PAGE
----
The Invisible Code is both funny and serious. Aging detectives Arthur Bryant and John May are part of the Peculiar Crimes Unit. Well, there you go.
Christopher Fowler describes Bryant and May as Golden Age detectives in a modern world. Much of the modern world puzzles them, including technology, but they press on.
What qualifications are required for a crime to be designated peculiar? The Peculiar Crimes Unit (fictional) was established during WWII to handle cases that might cause public scandal or public unrest. These two qualifications allow for a lot of leeway, and when a young woman dies in a church for no discernible reason, Arthur Bryant wants the case.
Denied that case, Bryant and May are summoned to the office of the man who wants to disband their unit. Both are surprised and wary, especially when Oskar Kasavian asks for their help in discovering the cause of the strange behavior his much-younger wife has begun to display.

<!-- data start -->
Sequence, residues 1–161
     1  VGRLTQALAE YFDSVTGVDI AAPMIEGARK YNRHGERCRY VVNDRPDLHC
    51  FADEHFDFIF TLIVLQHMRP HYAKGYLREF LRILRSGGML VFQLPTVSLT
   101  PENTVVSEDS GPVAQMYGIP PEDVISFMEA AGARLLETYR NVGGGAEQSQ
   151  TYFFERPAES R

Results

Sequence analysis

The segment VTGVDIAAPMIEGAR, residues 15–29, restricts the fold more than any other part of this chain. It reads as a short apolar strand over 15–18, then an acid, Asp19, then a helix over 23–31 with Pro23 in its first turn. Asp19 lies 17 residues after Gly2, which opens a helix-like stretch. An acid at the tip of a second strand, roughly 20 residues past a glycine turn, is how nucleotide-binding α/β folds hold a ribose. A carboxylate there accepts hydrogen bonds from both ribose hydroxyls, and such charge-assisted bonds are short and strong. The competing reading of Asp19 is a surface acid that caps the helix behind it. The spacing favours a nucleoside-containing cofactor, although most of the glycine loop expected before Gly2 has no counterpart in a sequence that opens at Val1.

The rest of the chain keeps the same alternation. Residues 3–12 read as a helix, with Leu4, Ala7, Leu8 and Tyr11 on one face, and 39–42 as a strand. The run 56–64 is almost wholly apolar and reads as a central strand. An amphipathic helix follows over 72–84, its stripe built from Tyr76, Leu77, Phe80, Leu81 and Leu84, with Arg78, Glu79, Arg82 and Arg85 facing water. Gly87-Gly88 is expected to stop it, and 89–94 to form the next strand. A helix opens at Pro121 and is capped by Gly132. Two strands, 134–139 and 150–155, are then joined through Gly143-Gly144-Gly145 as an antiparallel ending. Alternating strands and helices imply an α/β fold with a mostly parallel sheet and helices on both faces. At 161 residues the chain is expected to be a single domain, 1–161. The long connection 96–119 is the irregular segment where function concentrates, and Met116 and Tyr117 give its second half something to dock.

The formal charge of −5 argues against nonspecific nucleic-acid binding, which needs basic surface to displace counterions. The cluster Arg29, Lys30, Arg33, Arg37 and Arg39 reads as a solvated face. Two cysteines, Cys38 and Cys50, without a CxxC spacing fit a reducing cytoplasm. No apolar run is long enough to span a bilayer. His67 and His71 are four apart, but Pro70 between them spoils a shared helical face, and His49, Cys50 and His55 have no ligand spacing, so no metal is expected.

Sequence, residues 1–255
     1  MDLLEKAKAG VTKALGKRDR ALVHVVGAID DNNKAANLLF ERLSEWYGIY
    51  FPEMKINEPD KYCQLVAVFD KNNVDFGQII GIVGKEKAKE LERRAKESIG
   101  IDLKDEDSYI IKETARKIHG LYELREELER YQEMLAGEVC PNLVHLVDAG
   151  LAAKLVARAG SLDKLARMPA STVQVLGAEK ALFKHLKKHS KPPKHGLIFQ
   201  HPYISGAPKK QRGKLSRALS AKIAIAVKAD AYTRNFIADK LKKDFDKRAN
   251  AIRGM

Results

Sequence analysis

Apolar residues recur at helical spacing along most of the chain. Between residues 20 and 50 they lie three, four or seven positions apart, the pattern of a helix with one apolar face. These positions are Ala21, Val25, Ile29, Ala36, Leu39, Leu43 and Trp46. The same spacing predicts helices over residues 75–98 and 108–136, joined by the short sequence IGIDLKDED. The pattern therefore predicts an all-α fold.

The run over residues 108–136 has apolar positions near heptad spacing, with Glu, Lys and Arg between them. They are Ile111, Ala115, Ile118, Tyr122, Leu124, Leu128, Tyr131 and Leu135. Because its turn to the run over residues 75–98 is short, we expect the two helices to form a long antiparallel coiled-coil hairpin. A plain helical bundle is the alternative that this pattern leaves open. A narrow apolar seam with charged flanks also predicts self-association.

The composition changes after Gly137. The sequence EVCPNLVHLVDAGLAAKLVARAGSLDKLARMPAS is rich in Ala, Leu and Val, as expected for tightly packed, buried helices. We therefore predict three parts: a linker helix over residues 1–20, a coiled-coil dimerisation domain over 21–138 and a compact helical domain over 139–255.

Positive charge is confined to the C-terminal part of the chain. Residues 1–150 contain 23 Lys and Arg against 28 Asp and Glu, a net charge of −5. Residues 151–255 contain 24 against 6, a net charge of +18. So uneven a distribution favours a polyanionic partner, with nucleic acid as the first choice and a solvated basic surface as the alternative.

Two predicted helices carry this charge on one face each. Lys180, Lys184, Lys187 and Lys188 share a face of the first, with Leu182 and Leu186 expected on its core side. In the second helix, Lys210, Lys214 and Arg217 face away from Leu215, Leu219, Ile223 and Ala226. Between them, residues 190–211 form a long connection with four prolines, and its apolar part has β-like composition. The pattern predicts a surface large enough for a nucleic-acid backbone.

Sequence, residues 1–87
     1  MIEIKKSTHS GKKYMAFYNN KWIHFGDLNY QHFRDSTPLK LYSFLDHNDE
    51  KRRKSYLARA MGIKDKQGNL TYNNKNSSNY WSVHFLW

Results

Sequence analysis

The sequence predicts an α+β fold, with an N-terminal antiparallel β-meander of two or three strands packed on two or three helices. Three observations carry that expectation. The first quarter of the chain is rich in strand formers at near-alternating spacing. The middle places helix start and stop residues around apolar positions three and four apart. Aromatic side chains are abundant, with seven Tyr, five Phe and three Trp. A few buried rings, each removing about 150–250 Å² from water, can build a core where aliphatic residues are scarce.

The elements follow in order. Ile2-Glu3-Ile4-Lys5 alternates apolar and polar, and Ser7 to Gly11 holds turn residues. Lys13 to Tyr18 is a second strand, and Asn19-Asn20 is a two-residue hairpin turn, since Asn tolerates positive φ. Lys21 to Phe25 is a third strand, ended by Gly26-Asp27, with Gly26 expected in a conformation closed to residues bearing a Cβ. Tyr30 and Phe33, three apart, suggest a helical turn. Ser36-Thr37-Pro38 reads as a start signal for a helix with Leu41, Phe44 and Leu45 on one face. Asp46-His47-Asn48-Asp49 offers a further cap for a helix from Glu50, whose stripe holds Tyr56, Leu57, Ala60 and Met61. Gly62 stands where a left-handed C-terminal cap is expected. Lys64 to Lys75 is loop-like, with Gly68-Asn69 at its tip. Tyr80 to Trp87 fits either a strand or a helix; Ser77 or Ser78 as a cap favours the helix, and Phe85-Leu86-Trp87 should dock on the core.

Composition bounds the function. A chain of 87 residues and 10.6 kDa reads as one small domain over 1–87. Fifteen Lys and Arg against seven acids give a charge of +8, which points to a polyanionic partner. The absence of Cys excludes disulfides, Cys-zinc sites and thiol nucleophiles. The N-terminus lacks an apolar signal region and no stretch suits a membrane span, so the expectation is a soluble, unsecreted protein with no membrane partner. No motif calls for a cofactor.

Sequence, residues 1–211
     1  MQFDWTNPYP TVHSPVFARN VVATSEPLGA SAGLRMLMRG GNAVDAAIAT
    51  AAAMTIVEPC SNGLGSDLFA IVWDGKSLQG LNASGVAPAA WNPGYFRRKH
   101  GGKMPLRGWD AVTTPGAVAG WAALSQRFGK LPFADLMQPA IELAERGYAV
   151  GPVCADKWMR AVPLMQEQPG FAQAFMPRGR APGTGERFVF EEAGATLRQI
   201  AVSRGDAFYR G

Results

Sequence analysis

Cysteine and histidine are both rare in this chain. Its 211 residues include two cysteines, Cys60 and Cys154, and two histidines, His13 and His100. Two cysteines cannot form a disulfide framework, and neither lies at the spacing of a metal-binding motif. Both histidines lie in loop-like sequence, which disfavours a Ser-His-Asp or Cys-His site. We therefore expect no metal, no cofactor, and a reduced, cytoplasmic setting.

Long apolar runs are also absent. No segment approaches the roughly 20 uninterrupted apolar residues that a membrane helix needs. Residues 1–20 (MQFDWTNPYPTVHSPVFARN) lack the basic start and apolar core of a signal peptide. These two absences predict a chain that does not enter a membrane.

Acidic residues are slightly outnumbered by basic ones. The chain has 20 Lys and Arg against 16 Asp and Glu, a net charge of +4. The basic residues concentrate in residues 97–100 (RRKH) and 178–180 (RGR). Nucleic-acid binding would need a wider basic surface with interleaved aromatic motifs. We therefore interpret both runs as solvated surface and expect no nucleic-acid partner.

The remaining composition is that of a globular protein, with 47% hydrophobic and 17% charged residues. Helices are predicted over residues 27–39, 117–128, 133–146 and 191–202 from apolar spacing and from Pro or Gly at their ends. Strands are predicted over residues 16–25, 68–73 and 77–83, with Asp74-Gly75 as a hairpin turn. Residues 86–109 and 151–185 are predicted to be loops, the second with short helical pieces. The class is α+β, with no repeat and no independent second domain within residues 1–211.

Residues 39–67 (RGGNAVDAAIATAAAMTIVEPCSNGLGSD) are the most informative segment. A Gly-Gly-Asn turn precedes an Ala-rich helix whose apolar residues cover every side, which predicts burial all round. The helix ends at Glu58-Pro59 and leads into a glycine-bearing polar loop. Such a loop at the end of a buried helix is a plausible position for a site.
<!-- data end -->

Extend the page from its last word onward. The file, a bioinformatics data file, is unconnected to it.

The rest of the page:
The beginning has lots of funny, witty remarks, but the situation soon turns more serious, and Bryant (with his false teeth clicking), May (the smooth talker), and their team find themselves investigating more than one murder, uncovering secrets, and hindered by those in power.
Favorite characters: Arthur and his friend Maggie Armitage, the white witch (although her role is very small).
This is my first of the Bryant and May series, but I really liked the characters. Has anyone else read this series?
NetGalley/Random House Publishing/Bantam Dell
Mystery. Dec. 17, 2013. Print version: 368 pages.